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|Effectiveness of physical and cognitive-behavioural intervention programmes for chronic musculoskeletal pain in adults: a systematic review and meta-analysis of randomised controlled trials|
|Cheng JOS, Cheng S-T|
|PLoS ONE 2019 Oct;14(10):e0223367|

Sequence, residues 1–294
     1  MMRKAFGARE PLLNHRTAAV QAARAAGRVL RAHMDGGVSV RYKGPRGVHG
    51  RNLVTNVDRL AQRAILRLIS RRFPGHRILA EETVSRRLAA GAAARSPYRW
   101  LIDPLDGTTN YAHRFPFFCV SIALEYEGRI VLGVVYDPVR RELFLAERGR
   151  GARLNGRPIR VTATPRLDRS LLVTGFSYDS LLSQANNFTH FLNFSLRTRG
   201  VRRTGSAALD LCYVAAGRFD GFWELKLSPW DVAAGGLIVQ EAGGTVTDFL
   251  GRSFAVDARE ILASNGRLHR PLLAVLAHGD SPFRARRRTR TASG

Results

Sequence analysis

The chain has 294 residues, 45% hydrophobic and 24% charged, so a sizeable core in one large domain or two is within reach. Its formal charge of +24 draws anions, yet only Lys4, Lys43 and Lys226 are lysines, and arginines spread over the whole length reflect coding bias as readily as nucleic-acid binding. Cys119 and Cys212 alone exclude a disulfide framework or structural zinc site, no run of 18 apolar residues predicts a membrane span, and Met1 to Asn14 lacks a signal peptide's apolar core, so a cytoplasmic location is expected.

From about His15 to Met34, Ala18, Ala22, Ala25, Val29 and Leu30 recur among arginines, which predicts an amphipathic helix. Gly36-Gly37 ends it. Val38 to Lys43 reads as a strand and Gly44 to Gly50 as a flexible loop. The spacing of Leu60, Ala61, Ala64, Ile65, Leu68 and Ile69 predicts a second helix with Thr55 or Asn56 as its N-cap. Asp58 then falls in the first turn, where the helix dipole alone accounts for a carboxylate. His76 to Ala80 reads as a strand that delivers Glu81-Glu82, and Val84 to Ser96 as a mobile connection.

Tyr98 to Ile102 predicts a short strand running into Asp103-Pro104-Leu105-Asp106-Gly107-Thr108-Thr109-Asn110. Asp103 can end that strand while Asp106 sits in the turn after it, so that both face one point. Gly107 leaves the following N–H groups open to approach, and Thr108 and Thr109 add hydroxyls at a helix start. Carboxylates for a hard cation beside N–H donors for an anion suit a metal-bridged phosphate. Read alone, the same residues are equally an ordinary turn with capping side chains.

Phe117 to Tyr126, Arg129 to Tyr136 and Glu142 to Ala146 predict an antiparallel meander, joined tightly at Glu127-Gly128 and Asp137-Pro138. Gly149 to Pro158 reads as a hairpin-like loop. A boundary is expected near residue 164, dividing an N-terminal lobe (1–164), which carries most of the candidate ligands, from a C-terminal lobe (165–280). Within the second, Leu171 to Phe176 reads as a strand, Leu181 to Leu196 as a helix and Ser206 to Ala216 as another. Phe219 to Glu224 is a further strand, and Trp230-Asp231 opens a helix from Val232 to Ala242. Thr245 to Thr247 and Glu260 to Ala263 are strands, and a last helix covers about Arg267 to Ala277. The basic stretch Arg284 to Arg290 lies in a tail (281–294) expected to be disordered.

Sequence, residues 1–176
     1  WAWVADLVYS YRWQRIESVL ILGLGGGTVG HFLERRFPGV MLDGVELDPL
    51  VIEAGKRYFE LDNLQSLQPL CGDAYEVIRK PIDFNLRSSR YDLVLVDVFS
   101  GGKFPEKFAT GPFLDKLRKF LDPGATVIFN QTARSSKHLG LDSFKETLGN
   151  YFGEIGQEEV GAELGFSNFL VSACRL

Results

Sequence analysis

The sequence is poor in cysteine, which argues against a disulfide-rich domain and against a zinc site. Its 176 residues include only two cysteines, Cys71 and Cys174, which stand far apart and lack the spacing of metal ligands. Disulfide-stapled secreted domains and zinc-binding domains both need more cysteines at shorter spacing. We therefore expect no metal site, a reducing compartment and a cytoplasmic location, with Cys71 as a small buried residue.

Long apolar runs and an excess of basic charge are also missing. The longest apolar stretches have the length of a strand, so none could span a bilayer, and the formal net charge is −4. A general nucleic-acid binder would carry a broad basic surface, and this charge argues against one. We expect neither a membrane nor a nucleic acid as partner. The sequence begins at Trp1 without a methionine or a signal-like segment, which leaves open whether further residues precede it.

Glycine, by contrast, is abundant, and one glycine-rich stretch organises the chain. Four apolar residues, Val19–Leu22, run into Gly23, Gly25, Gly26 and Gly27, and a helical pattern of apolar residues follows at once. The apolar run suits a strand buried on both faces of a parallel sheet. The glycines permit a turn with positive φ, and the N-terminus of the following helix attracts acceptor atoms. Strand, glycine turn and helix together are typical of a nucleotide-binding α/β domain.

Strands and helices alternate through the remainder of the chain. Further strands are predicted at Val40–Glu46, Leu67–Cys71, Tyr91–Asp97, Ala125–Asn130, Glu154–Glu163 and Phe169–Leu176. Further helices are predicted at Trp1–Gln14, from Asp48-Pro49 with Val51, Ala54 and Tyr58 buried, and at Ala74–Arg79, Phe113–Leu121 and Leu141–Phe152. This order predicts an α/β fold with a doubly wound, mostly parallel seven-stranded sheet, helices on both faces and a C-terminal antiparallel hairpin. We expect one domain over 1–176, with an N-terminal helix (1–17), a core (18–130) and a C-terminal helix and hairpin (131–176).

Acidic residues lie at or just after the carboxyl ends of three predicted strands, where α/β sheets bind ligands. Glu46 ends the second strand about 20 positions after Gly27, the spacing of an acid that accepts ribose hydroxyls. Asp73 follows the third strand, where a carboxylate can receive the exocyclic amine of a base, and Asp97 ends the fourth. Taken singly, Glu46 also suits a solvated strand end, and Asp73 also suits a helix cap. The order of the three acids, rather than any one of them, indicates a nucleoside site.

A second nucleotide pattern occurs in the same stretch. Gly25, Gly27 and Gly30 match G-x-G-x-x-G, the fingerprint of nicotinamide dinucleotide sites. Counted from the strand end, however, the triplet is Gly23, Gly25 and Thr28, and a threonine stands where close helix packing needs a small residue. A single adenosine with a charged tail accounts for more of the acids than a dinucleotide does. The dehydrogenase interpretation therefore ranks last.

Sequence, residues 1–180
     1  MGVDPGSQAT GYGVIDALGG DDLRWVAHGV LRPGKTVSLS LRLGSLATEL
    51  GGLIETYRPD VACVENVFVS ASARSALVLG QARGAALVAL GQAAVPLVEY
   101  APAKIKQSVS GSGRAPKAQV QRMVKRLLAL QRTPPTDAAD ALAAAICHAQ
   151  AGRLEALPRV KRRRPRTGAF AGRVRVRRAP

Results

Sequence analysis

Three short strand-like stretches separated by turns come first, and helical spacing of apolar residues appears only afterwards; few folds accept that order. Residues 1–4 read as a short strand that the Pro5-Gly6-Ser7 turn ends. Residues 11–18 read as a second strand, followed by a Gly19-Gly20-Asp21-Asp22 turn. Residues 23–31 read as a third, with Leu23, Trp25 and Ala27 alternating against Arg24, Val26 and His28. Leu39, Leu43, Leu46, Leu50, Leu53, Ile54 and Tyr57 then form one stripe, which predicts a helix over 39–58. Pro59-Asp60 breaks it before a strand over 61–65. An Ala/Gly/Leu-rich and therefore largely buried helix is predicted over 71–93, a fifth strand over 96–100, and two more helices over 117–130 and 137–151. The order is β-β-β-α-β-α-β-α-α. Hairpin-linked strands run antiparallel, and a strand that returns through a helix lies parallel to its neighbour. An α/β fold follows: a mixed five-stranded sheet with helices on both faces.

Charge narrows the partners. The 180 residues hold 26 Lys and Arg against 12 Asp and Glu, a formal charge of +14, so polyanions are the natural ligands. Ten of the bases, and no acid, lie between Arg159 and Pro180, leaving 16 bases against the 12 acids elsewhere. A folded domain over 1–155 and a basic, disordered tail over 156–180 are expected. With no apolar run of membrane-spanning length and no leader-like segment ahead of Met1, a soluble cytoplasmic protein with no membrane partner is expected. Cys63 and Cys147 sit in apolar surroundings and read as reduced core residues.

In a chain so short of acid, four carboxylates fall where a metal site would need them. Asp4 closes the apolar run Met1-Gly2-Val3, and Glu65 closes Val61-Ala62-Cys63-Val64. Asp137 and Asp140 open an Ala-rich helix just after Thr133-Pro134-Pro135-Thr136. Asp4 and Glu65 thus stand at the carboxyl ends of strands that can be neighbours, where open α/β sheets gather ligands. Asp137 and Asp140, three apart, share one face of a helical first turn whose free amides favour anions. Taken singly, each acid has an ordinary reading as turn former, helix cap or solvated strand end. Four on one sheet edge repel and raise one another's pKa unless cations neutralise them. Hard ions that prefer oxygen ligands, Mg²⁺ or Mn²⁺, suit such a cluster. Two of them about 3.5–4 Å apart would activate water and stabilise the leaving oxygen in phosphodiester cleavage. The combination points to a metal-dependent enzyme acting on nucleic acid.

This systematic review and meta-analysis aimed to examine the effects of physical exercise cum cognitive-behavioural therapy (CBT) on alleviating pain intensity, functional disabilities, and mood/mental symptoms in those suffering with chronic musculoskeletal pain. Medline, Embase, PubMed, PsycINFO and CINAHL were searched to identify relevant randomised controlled trials from inception to 31 December 2018. The inclusion criteria were: (a) adults >= 18 years old with chronic musculoskeletal pain >= 3 months, (b) randomised controlled design, (c) a treatment arm consisting of physical intervention and CBT combined, (d) the comparison arm being waitlist, usual care or other non-pharmacological interventions such as physical exercise or CBT alone, and (e) outcomes including pain intensity, pain-related functional disabilities (primary outcomes), or mood/mental symptoms (secondary outcome). The exclusion criteria were: (a) the presence of comorbid mental illnesses other than depression and anxiety and (b) non-English publication. The search resulted in 1,696 records and 18 articles were selected for review. Results varied greatly across studies, with most studies reporting null or small effects but a few studies reporting very large effects up to 2-year follow-up. Pooled effect sizes (Hedges' g) were ~ 1.00 for pain intensity and functional disability, but no effect was found for mood/mental symptoms. The effects were mainly driven by several studies reporting unusually large differences between the exercise cum CBT intervention and exercise alone. When these outliers were removed, the effect on pain intensity disappeared at post-intervention while a weak effect (g = 0.21) favouring the combined intervention remained at follow-up assessment. More consistent effects were observed for functional disability, though the effects were small (g = 0.26 and 0.37 at postintervention and follow-up respectively). More importantly, the value of adding CBT to exercise interventions is questionable, as consistent benefits were not seen. The clinical implications and directions for future research are discussed.